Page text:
Now that we have these terms defined, now we can get into the nuance. Like all things in nature, metabolism is a spectrum more than a true binary. A lot of animals fall in-between this spectrum. Mesotherms exist, or animals that have metabolism that falls between endo- and ectotherms. This wiki has a short list of a few organisms with mesothermic metabolism, including the naked mole rat!

Now, let’s look at some dragons and their metabolism!


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The majority of people I talked to on and offline seemed to agree that dragons are evolutionary similar to dinosaurs

Birds are modern day dinosaurs. And if our dragons are closely related to dinosaurs (which seemed a common theme amongst the folks I talked to), then perhaps dragons have a similar metabolism to birds as well, thus making them warm-blooded.

This 2022 paper examined biomolecules in fossils and determined that the dinosaur ancestors of birds had a metabolism similar to modern day warm-blooded birds (called “avian endothermy”).

If we assume that our dragons are related to these dinosaurs, then we know that they’d have the same metabolism, and would have a metabolism similar to avian endothermy. Voila! We have a warm-blooded dragon!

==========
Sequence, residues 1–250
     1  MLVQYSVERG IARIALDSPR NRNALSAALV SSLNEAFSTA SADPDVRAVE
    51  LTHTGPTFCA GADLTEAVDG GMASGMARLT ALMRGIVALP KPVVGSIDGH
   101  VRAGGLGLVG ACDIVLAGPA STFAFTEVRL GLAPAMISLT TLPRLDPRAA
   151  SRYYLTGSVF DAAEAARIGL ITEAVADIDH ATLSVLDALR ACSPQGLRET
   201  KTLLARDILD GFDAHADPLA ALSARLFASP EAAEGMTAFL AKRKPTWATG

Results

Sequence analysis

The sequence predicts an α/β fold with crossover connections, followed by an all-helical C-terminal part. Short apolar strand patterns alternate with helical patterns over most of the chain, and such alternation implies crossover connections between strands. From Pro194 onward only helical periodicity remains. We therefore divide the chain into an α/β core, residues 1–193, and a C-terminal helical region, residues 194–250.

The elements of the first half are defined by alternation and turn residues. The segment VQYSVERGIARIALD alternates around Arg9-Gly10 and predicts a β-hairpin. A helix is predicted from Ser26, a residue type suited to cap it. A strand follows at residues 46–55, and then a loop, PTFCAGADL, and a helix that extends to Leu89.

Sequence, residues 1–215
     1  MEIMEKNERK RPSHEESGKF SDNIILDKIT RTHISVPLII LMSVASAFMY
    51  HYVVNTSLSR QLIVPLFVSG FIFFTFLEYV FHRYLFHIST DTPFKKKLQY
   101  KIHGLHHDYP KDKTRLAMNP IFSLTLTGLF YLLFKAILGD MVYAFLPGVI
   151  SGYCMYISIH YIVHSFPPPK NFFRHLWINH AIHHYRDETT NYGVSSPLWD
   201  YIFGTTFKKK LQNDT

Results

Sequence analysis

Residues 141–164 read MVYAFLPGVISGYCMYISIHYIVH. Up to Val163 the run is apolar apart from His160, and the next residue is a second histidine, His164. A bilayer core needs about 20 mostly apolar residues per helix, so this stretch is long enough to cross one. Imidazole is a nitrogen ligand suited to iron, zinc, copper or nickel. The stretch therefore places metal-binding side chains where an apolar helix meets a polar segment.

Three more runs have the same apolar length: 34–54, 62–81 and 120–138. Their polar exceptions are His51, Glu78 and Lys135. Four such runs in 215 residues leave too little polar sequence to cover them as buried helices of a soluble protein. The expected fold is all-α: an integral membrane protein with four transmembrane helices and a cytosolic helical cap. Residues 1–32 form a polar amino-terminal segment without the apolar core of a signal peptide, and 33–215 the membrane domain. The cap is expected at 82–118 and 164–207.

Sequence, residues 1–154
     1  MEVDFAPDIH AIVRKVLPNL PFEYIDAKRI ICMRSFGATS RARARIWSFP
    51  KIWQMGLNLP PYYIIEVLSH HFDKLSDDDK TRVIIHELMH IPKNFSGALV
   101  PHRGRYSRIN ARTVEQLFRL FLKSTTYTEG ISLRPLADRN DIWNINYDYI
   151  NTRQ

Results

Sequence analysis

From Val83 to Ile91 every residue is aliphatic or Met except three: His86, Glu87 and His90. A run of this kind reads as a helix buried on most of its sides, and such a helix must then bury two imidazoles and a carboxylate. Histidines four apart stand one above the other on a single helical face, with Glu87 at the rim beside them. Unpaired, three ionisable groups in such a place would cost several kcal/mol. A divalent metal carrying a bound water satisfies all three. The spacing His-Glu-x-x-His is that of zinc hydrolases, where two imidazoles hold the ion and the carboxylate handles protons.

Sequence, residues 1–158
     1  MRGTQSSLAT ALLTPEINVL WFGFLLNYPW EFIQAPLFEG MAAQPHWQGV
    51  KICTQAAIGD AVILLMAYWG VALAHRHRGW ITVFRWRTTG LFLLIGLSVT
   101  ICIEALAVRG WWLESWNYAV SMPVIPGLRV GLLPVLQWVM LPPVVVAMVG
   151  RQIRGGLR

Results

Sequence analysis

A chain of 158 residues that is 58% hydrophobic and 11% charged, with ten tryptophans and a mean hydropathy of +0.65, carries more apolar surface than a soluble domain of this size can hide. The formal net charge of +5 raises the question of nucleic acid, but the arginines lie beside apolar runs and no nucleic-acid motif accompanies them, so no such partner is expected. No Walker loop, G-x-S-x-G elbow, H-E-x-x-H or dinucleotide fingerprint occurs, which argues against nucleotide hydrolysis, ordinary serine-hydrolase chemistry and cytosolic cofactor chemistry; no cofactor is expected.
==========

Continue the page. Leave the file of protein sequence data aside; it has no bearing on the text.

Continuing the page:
But Didn’t The Majority of People Agree on Reptiles?


Yes! Yes, they did!

One response that piqued my interest mentioned that dragons would be closely related to crocodiles.

While crocodiles are absolutely ectothermic, scientists have found paleontological evidence that crocodilian ancestors were both reptilian and endothermic. These scientists noted that ectotherms do not have four-chambered hearts, but the crocodile does still have a version of this type of heart.

So yes, we can have a non-aviary, or non-bird-related, reptilian dragon that could still have some endothermy. These dragons could have a shared reptilian ancestor with crocodiles; I see these dragons maintaining their endothermy, while crocodiles evolved to lose said trait.

There are, in fact, reptiles out there that have endothermic tendencies. Take the tegu for example: this lizard can increase its metabolic rate during mating season to increase its body temperature, not unlike mammals! The Burmese python, while ectothermic, is able to shiver like an endotherm in order to warm up their eggs.

So yes, we can still have reptile dragons while still being “warm-blooded.”

You Seem To Be Pushing For A Warm-Blooded Dragon No Matter What


Well, yes. That’s because I don’t see how they could be ectothermic due to metabolic needs.

See, according to Richard Shine’s small article on reptilian metabolism, endotherms “keep their engines revving at high speed most all of the time… [to] perform at high speed.”